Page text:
As Stress Mounts, Self-Control Goes Out the Window
Thu Apr 21, 2005
By Alison McCook

NEW YORK (Reuters Health) - During times of stress, we're less able to hold ourselves back from unhealthy temptations, new study findings indicate.

Australian researchers found that during exam periods, students smoked more cigarettes, drank more high-caffeine drinks, ate less healthy foods, kept up with fewer household chores, neglected commitments, and monitored spending less.

"The results tell us that during periods of high stress - such as examination periods for students - we may see a relapse in behaviors that we had successfully controlled in the past, such as smoking," lead author Megan Oaten of Macquarie University in Sydney told Reuters Health.

"These findings have practical importance because they illustrate that at times of stress we are particularly vulnerable to breakdowns in self-control," she added. "Therefore, we should not ask too much of ourselves during such a period."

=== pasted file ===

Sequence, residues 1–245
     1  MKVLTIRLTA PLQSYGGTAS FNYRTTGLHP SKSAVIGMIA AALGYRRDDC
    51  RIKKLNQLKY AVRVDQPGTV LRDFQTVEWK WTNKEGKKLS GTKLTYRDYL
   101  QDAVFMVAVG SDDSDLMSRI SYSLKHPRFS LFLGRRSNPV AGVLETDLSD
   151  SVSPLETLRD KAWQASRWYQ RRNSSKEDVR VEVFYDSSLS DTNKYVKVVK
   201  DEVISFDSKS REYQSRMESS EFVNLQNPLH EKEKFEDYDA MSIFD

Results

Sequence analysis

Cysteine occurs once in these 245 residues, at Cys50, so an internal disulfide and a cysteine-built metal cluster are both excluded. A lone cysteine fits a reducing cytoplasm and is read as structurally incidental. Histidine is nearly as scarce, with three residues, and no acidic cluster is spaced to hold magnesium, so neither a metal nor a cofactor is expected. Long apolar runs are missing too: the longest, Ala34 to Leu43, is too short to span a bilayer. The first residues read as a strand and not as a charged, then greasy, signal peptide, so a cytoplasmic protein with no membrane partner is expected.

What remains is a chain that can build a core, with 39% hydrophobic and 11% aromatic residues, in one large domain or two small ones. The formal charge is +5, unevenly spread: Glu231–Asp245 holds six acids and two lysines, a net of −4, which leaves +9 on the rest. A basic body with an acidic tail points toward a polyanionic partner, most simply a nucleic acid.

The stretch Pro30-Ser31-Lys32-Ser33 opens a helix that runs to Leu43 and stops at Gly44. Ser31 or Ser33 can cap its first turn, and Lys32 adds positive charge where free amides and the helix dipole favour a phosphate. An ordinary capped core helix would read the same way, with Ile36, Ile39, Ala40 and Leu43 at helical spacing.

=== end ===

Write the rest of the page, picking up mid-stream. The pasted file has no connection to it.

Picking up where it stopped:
Oaten pointed out that handling stress itself takes self-control. "So, the work required to cope with stress consumes a lot of our self-control strength, and leaves us less able to control our behavior," Oaten said.

During the study, Oaten and her co-author, Ken Cheng, asked 57 students about their typical self-control, then re-interviewed them 4 weeks later, when half were coping with a high-stress exam period.

The researchers found that, during exams, students were less likely to control their behaviors, reporting that they ate more junk food, exercised less, and left more dishes in the sink. They also neglected to shave, brush and floss their teeth, wash their hair, change their clothes and do laundry.

Stressed out students also smoked an average of 7 additional cigarettes each day, and drank 7 extra cups of caffeinated drinks each week.

In contrast, students not coping with exams had no increase in self-indulgent behaviors, suggesting their self-control was as strong as ever, the authors report in the Journal of Social and Clinical Psychology.

These findings suggest that people should be extra careful during times of stress, Oaten noted. "It appears that people can only control so many behaviors at any one time, and should therefore avoid taking on too much at once, particularly during periods of stress."

Developing stress management skills may also ward off lapses, by leaving more self-control reserves available to fend off the urge to overeat and smoke, she said.

SOURCE: Journal of Social and Clinical Psychology, March 2005